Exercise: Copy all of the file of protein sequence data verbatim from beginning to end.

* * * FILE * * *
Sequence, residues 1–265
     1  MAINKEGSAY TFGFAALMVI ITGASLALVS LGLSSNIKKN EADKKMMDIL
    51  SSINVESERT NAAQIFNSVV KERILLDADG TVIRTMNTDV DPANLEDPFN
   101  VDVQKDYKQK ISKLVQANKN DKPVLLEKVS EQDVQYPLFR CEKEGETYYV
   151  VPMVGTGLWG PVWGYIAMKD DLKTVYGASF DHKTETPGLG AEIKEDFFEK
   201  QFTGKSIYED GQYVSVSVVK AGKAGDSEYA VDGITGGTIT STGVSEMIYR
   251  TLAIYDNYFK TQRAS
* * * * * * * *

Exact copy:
Sequence, residues 1–265
     1  MAINKEGSAY TFGFAALMVI ITGASLALVS LGLSSNIKKN EADKKMMDIL
    51  SSINVESERT NAAQIFNSVV KERILLDADG TVIRTMNTDV DPANLEDPFN
   101  VDVQKDYKQK ISKLVQANKN DKPVLLEKVS EQDVQYPLFR CEKEGETYYV
   151  VPMVGTGLWG PVWGYIAMKD DLKTVYGASF DHKTETPGLG AEIKEDFFEK
   201  QFTGKSIYED GQYVSVSVVK AGKAGDSEYA VDGITGGTIT STGVSEMIYR
   251  TLAIYDNYFK TQRAS